Interest rate rise will hit your wallet hard and cause a deep economic recession

The Bank of England: its interest rate rise will hit you hard in the wallet.

The Bank of England has increased interest rates by a huge (for these times) 0.5 per cent in an apparently inexplicable move that won’t do anything to stop the current enormous increases in the cost of living.

What can possibly have possessed the Monetary Policy Committee at Threadneedle Street to do this monstrous thing?

The bank’s own forecasters are predicting that inflation will remain above 10 per cent until at least October 2023, putting huge pressures on ordinary people.

The bank is already predicting that the UK will fall into recession this year, and the interest rate rise will prolong it – so that, in three years’ time (after the next general election, take note), unemployment is expected to stand at six per cent of the workforce – and rising.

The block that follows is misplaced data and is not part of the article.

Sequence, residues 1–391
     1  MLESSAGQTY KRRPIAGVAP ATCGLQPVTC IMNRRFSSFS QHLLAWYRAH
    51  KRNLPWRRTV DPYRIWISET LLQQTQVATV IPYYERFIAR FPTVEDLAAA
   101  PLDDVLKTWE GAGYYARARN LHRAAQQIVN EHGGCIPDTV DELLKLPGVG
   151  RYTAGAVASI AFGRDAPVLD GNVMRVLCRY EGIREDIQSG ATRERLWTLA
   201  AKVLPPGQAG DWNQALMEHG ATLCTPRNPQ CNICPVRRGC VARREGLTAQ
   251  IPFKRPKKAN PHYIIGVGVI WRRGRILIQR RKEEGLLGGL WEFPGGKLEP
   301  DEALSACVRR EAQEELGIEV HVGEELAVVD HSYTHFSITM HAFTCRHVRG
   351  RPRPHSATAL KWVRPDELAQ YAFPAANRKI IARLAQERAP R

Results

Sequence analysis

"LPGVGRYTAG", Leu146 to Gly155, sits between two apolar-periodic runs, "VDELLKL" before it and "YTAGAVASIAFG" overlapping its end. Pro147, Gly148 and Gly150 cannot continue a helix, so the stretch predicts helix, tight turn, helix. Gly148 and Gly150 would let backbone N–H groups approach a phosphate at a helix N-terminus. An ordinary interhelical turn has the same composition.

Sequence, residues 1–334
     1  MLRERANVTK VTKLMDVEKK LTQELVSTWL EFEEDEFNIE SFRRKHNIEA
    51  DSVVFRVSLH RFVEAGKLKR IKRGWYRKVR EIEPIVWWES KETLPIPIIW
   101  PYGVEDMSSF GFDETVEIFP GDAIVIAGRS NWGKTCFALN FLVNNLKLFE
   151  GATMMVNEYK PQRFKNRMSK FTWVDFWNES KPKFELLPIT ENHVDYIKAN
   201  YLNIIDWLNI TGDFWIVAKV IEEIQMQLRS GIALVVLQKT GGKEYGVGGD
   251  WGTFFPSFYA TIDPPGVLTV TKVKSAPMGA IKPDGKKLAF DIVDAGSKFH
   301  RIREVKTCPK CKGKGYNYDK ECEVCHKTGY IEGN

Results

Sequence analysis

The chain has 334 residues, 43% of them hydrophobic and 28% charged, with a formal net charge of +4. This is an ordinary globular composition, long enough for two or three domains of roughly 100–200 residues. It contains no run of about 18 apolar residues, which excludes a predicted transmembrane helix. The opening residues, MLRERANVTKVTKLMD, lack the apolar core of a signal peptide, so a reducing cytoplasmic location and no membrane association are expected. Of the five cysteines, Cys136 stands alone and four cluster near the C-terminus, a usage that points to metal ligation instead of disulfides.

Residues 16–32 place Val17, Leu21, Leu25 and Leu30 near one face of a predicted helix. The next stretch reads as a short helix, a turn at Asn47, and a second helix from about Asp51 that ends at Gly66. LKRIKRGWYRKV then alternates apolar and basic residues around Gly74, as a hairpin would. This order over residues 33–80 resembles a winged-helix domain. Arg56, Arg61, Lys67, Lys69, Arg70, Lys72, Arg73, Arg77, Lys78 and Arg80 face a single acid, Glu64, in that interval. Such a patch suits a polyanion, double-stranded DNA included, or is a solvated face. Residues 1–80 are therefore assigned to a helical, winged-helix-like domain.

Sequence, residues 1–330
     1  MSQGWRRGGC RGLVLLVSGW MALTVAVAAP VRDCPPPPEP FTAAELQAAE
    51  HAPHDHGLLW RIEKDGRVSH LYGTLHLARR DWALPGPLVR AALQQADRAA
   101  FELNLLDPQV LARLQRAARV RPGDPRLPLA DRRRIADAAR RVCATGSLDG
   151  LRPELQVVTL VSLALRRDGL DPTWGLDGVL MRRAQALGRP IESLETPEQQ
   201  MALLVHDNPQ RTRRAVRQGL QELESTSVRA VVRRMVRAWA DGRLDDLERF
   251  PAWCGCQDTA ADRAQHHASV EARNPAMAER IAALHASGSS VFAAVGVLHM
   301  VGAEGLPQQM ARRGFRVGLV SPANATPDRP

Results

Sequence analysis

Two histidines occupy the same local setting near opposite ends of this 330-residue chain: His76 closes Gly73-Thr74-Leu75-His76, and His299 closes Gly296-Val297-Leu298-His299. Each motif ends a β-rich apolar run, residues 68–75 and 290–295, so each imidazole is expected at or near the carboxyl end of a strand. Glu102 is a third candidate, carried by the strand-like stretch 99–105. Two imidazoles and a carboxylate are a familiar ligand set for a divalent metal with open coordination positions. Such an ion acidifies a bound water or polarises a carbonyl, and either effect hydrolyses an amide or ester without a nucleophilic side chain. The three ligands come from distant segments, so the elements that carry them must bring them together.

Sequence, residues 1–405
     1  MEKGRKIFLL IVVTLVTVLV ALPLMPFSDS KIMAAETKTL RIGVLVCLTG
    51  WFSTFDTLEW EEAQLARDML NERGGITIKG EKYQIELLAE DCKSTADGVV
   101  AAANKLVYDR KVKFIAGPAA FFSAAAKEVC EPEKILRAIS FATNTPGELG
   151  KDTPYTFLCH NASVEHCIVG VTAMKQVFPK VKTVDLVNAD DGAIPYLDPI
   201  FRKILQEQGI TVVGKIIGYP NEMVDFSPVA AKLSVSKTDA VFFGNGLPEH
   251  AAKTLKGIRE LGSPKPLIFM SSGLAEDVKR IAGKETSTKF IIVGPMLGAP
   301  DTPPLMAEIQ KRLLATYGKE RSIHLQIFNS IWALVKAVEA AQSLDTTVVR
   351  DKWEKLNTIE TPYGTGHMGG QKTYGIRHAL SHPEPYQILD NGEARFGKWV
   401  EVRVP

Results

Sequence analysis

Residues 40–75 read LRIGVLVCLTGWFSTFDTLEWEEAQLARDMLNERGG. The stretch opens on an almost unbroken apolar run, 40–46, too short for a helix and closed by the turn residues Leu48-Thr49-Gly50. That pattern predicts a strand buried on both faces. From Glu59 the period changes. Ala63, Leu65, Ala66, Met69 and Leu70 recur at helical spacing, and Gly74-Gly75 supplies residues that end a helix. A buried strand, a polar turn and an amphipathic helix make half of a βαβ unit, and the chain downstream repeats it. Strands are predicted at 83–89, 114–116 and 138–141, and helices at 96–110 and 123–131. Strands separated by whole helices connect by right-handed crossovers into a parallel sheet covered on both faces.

Energy prices – the main cause of the cost-of-living crisis – are expected to fall back during this period, although the predictions don’t take this into account. The hike in interest rates will not reduce the cost-of-living crisis in any way.

And the ultimate result, as Professor Simon Wren-Lewis points out in his latest Mainly Macro article, will be to reduce inflation to a point far lower than the Bank of England’s two-per-cent mandate permits. Who benefits from that?

Professor Wren-Lewis adds that it is possible the bank expects a new Tory prime minister – whoever that may be – to introduce support for people on low incomes in a bid to stop the excessive inflation and recession.

But there is no indication from either Liz Truss or Rishi Sunak that they will do that; tax cuts promised by Truss will go to rich people and/or corporations.

And, as Professor Wren-Lewis points out,

Excessive monetary tightening based on a guess of fiscal loosening is a dangerous game to play.

Sadly for most of us, the danger applies only to the poor, working people who actually keep the economy moving.

Source: mainly macro: Why does the Bank of England appear to be ignoring its mandate?

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